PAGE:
Don’t ‘Tee Off’ Your Golf Pals

Many years ago, a new boyfriend took me golfing. We went to Oglebay Park. After a brief lesson, I was ready. I put the ball on the tee, swung the club, and the ball flew into the air. It hit a tree and bounced back to about 1 foot of where I was standing. I put the clubs in the cart and left. I have never played golf again. Below are some of the things my golfing friends have told me need to be addressed.

Golf is a courteous game. Most golfers appreciate the rules and established etiquette on the course. Sadly, because of disregard, etiquette violations remain.

Dress the part. Dress sharp. Displaying proper golf etiquette by dressing appropriately shows you respect the people you are golfing with and the course.

Arrive at the golf course at least 45 minutes before your “tee” time. If you have a golf date, keep it. A last-minute decision to do chores or go shopping when you have agreed to play is disrespectful and shows very poor manners.

Turn your phone off or at least silence the ringer. If you must call someone, distance yourself from other golfers and keep the conversation as short as possible.

Unless otherwise determined by the committee, priority on the course is determined by a group’s pace of play. Any group playing a whole round is entitled to pass a group playing a shorter round. The term “group” includes a single player.

Play at a pace that keeps up with the group ahead. If there is an open hole ahead, and the group behind is pushing your group, either pick up your group’s pace, or invite the group behind you to “play through” regardless how many players are in that group. Take only one practice swing for each shot, and then hit the ball. At the tee and on the green, be ready once it is your turn. If you lose a ball, do not search more than five minutes.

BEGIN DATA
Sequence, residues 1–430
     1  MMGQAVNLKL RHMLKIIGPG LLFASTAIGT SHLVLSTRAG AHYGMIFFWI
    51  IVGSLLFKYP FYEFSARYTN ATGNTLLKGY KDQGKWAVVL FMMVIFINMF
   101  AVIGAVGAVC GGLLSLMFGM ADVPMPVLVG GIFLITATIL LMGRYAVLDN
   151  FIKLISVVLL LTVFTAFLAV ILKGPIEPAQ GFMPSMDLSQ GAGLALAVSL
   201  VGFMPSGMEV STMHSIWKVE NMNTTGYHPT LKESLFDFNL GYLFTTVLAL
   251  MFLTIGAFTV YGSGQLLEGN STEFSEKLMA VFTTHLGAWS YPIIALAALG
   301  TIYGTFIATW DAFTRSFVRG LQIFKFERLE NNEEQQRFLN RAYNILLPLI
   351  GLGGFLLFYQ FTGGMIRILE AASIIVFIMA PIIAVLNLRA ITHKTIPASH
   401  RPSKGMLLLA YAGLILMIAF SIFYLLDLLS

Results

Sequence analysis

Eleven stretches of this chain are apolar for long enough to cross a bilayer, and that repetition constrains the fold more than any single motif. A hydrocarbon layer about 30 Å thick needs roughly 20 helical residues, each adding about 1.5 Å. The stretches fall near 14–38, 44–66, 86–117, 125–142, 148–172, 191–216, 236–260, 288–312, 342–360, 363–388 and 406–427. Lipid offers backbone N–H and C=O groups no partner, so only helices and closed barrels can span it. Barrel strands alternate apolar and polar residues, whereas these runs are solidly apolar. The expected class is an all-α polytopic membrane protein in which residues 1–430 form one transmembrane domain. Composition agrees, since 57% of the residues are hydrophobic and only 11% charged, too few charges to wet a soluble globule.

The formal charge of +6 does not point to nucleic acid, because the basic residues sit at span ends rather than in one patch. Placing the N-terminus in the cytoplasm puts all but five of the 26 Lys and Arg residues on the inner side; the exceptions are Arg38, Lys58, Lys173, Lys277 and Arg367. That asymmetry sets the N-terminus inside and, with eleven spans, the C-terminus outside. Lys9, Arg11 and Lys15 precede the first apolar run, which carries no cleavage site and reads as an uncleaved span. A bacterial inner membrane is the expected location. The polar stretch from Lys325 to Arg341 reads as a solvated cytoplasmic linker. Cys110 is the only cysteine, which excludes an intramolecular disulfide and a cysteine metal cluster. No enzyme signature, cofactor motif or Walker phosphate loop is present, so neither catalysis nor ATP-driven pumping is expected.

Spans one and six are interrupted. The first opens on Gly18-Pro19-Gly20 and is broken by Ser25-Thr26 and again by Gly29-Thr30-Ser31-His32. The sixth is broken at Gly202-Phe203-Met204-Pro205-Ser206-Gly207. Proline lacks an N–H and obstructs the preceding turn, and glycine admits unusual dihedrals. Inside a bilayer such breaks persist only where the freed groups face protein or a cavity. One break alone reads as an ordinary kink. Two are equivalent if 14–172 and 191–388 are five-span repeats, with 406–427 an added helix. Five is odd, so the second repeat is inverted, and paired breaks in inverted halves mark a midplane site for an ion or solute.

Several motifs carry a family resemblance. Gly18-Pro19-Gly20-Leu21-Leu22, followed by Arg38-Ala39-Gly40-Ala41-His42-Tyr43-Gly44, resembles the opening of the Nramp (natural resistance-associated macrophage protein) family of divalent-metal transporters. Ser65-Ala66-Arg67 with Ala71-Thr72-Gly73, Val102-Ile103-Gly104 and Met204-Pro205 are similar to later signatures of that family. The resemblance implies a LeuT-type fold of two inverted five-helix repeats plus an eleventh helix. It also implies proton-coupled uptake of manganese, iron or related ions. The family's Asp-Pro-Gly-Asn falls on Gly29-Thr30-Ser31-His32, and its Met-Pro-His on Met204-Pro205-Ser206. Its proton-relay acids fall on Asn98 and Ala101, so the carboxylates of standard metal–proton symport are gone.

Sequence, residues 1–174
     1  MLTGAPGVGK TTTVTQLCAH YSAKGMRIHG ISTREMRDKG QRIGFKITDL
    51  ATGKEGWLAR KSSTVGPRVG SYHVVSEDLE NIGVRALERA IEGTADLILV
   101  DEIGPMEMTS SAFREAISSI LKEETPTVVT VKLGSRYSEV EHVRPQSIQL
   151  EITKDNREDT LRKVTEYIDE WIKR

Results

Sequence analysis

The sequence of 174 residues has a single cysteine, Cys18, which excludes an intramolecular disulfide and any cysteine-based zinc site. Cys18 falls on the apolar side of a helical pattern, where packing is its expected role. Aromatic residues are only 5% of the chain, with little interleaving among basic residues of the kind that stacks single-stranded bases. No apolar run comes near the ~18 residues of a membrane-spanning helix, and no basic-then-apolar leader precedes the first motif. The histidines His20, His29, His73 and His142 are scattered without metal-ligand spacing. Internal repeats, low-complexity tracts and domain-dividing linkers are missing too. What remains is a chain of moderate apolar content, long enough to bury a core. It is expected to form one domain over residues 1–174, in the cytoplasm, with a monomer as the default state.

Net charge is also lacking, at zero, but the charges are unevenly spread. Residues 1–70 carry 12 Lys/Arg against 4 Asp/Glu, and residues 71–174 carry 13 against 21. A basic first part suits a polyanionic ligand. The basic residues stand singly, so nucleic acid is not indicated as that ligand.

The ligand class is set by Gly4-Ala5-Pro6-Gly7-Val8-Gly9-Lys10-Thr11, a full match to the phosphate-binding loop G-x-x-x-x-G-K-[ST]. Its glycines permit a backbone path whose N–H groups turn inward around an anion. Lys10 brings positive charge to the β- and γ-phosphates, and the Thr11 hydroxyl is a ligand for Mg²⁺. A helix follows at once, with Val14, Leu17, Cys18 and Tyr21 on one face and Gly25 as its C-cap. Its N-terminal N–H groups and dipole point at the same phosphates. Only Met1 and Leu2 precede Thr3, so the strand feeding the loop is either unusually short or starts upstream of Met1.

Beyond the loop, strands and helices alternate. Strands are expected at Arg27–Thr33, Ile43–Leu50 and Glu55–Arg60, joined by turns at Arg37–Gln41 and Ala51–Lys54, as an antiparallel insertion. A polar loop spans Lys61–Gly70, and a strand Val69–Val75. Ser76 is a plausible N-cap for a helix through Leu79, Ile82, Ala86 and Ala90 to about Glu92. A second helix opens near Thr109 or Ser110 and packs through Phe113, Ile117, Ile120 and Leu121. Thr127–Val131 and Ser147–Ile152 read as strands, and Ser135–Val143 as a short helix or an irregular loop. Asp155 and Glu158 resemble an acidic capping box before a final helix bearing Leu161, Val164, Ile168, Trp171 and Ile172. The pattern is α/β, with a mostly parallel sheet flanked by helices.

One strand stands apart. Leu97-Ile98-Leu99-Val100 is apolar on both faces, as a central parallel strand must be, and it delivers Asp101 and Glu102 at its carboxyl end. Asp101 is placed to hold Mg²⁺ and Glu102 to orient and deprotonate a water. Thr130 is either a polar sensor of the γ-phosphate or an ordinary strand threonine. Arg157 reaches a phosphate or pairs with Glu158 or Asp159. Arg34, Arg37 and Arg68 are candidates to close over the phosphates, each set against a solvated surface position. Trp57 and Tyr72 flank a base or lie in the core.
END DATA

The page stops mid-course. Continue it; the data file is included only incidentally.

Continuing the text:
Golf carts should be parked on the cart path when at the tee box or putting green. Golfing equipment (bags, clubs and carts) should never be placed in front of the green as annoyance to the approaching players. Leave as few traces as possible when using a cart.

Make sure you keep the course in good condition. Fix ball marks with a pocket knife, tee or other tool. Divots should always be repaired. Some courses place containers of divot repair mix on carts and at tees, which can be used to fill the divot.

Don’t talk prior to or during another player’s shot. Avoid any unnecessary noise or movement that will distract or disturb other players.

Players should ensure that no one is standing close by or in a position to be hit by the club, the ball or debris when they make a stroke or practice swing.

If your ball is heading in a direction where there is a danger of it hitting someone, shout a warning immediately. The traditional word of warning is “fore!”

Never throw clubs in anger. In addition to being rude it could also be dangerous to other players. This is not good golf etiquette.

Below are strange but are actual rules, from the Golf Digest website (www.golfdigest.com/story/rules-unusual- decisions):

If your ball is lodged in an orange, you cannot take relief without penalty.

If your shot ends up in the clubhouse, and the clubhouse is not considered out-of-bounds, you may open a window or door and play your next shot without penalty.

If your ball comes to rest next to a cactus, you may wrap an arm or leg in a towel to protect yourself from the needles when you play your shot. But you can’t cover the cactus with a towel.

Judi Hendrickson of Wheeling is the co-author with Dr. Jeanne Finstein of “Walking Pleasant Valley.” She teaches etiquette and presents programs on Tea Time Traditions, the History and Etiquette of Tea and Wedding Traditions.

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